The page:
The Human Race: Lifecycle Of An Athlete
Claudia Hammond reports from the sprint capital of the world, Jamaica, for the second of four special Health Check programmes on the lifecycle of an athlete.
In "From Promise to the Podium", she investigates how this tiny island, of fewer than three million people, so consistently turns out world class track athletes.
At the first race meet of the season, at the National Stadium in Kingston, she watches hundreds of school children from the country's high schools competing at the Camperdown Classic, and then holds her breath with the rest of the crowd, as the world's youngest-ever 100m World Champion, Yohan Blake, runs a personal best in the 400 metres.
Jamaican sprint training has come home, and most of the elite athletes now choose to stay on the island with the top coaches at Racers and MVP clubs, instead of moving abroad.
At an early morning training session at MVP at Utech in Kingston, the man who set up MVP - Maximising Velocity and Power - eleven years ago, Stephen Francis discusses his determination to keep Jamaican athletes on home turf.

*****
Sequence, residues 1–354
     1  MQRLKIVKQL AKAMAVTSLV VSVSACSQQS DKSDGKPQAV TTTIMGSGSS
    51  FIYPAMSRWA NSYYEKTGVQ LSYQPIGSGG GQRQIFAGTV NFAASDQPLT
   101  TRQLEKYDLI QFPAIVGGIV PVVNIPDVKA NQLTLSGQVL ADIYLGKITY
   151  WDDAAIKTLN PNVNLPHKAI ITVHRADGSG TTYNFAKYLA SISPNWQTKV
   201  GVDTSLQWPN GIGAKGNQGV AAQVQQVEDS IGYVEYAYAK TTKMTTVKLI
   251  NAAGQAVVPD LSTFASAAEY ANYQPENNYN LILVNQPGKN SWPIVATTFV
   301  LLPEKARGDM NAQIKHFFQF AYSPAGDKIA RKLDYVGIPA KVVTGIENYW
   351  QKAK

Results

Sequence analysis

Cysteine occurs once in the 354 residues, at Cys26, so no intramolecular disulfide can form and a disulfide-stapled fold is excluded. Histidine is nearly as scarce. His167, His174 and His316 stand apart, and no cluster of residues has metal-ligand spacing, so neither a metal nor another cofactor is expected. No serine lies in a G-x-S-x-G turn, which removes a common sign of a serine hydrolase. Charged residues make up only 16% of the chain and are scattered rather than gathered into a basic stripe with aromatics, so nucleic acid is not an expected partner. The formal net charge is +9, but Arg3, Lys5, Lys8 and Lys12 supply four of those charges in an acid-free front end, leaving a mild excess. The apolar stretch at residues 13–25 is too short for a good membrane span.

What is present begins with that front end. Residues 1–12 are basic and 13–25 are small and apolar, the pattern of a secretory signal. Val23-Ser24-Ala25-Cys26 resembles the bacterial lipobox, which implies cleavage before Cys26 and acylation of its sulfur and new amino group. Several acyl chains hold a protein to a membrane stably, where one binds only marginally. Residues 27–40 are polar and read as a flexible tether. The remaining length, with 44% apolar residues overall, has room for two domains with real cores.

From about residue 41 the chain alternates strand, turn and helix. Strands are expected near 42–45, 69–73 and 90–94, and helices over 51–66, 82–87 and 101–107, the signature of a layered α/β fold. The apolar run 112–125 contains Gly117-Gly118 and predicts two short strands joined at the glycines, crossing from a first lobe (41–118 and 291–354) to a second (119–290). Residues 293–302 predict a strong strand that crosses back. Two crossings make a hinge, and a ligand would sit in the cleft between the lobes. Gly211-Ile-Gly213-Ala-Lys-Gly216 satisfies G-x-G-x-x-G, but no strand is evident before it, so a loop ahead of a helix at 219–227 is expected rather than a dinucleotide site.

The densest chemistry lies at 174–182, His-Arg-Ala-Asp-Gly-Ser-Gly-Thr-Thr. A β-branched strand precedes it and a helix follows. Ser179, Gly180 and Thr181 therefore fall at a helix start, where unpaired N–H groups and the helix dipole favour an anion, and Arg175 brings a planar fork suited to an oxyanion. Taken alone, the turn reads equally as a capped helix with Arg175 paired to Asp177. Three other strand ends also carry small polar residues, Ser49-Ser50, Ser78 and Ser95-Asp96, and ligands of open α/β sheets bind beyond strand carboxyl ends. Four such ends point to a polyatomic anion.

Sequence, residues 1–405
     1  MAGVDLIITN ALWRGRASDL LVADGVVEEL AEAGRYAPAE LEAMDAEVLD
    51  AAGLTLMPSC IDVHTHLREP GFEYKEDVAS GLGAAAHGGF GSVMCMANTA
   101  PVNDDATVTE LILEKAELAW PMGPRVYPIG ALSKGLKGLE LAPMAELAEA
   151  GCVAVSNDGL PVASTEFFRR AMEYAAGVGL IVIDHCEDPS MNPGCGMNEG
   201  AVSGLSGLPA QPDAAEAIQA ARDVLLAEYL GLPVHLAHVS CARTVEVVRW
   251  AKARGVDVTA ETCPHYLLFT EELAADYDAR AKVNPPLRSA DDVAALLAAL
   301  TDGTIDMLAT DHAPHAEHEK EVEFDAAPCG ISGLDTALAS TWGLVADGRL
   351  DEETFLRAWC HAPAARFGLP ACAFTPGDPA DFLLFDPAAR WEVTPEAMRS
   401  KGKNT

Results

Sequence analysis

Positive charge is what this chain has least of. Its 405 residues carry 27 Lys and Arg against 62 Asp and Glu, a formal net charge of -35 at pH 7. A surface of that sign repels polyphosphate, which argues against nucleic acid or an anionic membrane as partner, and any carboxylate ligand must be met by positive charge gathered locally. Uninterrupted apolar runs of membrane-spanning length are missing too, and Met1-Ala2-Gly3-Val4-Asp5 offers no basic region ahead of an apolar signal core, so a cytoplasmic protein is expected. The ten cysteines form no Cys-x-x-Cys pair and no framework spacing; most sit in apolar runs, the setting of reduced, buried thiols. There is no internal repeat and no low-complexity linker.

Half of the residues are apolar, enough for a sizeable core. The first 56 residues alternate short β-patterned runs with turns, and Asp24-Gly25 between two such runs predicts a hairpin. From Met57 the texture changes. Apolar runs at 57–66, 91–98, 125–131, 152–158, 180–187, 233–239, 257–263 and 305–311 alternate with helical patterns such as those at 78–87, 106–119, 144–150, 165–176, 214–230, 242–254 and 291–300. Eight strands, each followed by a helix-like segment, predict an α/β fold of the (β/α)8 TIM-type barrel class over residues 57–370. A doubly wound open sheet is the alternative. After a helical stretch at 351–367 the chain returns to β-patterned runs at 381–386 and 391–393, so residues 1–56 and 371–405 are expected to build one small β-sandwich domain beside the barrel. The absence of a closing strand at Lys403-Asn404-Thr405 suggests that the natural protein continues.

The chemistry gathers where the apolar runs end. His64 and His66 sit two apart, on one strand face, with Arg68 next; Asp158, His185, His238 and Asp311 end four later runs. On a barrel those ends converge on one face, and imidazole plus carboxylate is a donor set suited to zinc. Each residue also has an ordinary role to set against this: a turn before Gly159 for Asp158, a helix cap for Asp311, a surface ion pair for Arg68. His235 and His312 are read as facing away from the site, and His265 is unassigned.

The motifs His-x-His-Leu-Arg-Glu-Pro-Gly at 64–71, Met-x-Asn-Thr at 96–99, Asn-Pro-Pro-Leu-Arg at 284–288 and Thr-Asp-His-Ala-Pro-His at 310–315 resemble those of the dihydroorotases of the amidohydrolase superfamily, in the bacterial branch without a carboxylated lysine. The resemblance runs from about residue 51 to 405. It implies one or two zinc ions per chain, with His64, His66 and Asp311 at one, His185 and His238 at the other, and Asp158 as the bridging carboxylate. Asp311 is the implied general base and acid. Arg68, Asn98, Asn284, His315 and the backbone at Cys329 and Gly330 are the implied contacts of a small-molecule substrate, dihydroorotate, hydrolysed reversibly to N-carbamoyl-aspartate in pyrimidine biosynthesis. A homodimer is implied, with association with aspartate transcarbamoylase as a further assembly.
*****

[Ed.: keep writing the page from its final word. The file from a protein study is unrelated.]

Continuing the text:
And he admits he picked the incredible former world 100 metre champion Asafa Powell, because he wasn't performing well, and the Americans wouldn't want him!
Asafa himself, training hard for the upcoming London Olympics, talks to Claudia about staying in Jamaica to train, but also acknowledges the sacrifices of the modern athlete when they're running for gold. Losing girlfriends, he says, is one of the downsides…
Just how Jamaica converts, so successfully, raw talent into Olympic medallists is the million dollar question, and Claudia investigates some of the more whacky theories on the circuit, one of them being that the island's success is down to the yam!
(Image: Usain Bolt celebrates winning the Mens 100m Final at the Beijing 2008 Olympics. Credit: Associated Press)